The resulting stalemate saw the Poles retaining control over Lviv and a narrow strip of land around a railway linking the city to Poland, while the rest of eastern Galicia remained under the control of the West Ukrainian National Republic. Meanwhile, two smaller states west of the West Ukrainian People's Republic declared independence as result of the dissolution of the Austro-Hungarian Empire; the Komancza Republic was an association of thirty Lemko villages, based around Komańcza in eastern Lemkivshchyna. It existed between November 4, 1918 and January 23, 1919. Being pro-Ukrainian it planned to unite with the West Ukrainian People's Republic, but was suppressed by the Polish government as part of the Polish–Ukrainian War. On December 5, 1918 the Ruska Narodna Respublika Lemkiv declared independence; the Lemko Rusyn National Republic was centered on Florynka, a village in the south-east of present-day Poland. Russophile sentiment prevailed among its inhabitants, who were opposed to a union with the West Ukrainian People's Republic and instead sought unification with Russia.
An agreement to unite western Ukraine with the rest of Ukraine was made as early as December 1, 1918. The government of the West Ukrainian People's Republic united with the Ukrainian People's Republic on January 22, 1919; this was a symbolic act, however. Since western Ukraine had a different tradition in its legal and political norms it was to be autonomous within a united Ukraine. Furthermore, western Ukrainians retained their own Ukrainian Galician government structure. Despite the formal union, the Western Ukrainian Republic and the Ukrainian People's Republic fought in separate wars; the former was preoccupied with a conflict with Poland while the latter struggled with Soviet and Russian forces. Relations between the West Ukrainian People's Republic and the Kiev-based Ukrainian People's Republic were somewhat strained; the leadership of the former tended to be more conservative in orientation. Well-versed in the culture of the Austrian parliamentary system and an orderly approach to government, they looked upon the socialist revolutionary attitude of their Kiev-based peers with some dismay and with the concern that the social unrest in the East would spread to Galicia.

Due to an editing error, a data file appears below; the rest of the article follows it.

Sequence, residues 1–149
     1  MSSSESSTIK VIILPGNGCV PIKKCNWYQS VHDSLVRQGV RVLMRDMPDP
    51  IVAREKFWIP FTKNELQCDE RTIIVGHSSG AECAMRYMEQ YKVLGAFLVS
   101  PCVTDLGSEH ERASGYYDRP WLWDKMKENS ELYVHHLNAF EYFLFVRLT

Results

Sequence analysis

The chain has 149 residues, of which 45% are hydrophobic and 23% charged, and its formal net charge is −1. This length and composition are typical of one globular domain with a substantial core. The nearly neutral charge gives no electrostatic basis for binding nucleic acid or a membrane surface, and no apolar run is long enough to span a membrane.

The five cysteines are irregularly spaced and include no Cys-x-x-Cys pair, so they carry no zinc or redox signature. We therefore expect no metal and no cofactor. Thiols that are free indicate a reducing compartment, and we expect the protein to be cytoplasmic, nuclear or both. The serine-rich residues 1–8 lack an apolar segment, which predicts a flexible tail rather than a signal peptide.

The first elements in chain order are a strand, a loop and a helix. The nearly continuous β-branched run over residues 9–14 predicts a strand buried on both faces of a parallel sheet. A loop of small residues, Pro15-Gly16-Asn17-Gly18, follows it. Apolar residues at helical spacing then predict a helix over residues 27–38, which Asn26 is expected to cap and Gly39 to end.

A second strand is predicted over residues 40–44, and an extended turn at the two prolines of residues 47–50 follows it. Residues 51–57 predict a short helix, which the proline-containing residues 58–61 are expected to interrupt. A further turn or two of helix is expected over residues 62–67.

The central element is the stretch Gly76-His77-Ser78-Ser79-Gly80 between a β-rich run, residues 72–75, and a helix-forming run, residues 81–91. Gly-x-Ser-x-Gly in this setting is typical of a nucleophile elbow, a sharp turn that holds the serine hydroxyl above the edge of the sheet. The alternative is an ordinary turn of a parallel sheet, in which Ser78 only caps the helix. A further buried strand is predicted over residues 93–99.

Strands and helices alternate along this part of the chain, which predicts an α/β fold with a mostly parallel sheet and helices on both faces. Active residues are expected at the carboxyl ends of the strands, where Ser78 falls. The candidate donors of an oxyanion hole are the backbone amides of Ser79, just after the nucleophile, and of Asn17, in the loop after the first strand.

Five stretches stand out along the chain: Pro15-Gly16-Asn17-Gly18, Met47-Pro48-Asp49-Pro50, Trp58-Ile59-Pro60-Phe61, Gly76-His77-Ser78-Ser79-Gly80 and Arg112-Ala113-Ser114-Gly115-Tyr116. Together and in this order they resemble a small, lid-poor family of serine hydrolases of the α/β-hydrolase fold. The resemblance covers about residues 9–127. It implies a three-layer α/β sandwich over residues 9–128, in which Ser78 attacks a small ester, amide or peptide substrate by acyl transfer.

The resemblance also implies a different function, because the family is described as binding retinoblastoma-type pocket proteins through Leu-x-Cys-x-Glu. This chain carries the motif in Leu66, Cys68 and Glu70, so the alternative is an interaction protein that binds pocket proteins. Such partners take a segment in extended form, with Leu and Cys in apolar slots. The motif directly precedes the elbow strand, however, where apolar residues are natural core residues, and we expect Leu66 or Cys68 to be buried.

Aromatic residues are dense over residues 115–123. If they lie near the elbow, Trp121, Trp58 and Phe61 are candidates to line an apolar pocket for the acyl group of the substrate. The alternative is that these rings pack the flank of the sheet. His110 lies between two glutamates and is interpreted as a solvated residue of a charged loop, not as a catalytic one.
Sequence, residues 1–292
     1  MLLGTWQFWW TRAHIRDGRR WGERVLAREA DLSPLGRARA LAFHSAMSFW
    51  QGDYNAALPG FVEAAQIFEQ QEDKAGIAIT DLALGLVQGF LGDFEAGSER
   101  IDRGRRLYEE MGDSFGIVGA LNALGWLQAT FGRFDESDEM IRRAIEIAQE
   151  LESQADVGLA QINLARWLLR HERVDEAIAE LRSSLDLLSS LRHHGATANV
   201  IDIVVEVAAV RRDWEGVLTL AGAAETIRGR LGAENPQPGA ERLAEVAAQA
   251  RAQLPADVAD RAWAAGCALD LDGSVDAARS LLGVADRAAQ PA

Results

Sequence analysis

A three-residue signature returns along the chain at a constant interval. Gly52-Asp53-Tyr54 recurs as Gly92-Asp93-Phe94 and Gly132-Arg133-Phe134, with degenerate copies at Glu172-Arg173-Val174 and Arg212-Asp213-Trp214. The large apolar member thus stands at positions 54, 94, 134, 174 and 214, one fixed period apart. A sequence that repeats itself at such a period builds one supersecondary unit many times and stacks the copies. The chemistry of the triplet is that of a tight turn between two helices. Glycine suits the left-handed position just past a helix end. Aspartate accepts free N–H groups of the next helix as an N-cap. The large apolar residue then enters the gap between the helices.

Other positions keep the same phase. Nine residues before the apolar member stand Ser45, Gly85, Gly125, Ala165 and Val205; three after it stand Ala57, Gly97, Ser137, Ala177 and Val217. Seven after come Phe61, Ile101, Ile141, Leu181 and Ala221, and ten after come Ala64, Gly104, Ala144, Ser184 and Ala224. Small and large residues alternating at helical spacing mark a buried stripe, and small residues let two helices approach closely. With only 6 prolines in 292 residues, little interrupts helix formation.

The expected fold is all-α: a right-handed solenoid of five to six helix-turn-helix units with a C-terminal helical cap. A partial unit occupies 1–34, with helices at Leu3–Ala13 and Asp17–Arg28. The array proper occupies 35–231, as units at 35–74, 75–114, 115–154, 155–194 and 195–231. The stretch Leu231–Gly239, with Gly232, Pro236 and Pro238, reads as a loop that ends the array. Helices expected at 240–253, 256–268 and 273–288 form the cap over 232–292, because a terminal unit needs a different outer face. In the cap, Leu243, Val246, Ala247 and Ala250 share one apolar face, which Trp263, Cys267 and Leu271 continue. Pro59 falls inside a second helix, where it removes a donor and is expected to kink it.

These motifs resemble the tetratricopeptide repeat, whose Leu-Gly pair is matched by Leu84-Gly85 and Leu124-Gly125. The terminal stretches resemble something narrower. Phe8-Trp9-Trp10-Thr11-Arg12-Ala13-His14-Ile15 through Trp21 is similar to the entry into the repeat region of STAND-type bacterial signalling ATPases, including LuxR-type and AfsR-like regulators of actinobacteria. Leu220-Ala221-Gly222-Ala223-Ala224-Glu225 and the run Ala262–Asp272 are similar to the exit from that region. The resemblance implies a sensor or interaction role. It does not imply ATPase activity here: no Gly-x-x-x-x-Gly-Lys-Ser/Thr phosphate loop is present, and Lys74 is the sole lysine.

The West Ukrainian troops were more disciplined while those of Kiev's Ukrainian People's Army were more chaotic and prone to committing pogroms, something opposed by the western Ukrainians. The poor discipline in Kiev's army and the insubordination of its officers shocked the Galician delegates sent to Kiev; the national movement in western Ukrainian was as strong as in other eastern European countries, the Ukrainian government was able to mobilize over 100,000 men, 40,000 of whom were battle-ready.>Ludwik Mroczka writes that despite the strength of the Ukrainian n